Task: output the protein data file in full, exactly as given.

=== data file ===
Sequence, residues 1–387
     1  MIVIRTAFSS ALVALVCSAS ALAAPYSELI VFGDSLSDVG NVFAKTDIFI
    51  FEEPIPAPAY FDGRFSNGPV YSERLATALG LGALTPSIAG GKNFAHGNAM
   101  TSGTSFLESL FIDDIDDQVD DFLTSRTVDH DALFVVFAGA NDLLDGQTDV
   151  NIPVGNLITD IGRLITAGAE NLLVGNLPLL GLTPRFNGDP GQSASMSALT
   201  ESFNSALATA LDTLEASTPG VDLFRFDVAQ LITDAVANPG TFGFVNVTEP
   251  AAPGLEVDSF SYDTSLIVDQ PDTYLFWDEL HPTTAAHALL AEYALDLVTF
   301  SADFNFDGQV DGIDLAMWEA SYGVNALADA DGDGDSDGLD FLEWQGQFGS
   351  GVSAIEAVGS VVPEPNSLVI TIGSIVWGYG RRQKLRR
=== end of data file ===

Sequence, residues 1–387
     1  MIVIRTAFSS ALVALVCSAS ALAAPYSELI VFGDSLSDVG NVFAKTDIFI
    51  FEEPIPAPAY FDGRFSNGPV YSERLATALG LGALTPSIAG GKNFAHGNAM
   101  TSGTSFLESL FIDDIDDQVD DFLTSRTVDH DALFVVFAGA NDLLDGQTDV
   151  NIPVGNLITD IGRLITAGAE NLLVGNLPLL GLTPRFNGDP GQSASMSALT
   201  ESFNSALATA LDTLEASTPG VDLFRFDVAQ LITDAVANPG TFGFVNVTEP
   251  AAPGLEVDSF SYDTSLIVDQ PDTYLFWDEL HPTTAAHALL AEYALDLVTF
   301  SADFNFDGQV DGIDLAMWEA SYGVNALADA DGDGDSDGLD FLEWQGQFGS
   351  GVSAIEAVGS VVPEPNSLVI TIGSIVWGYG RRQKLRR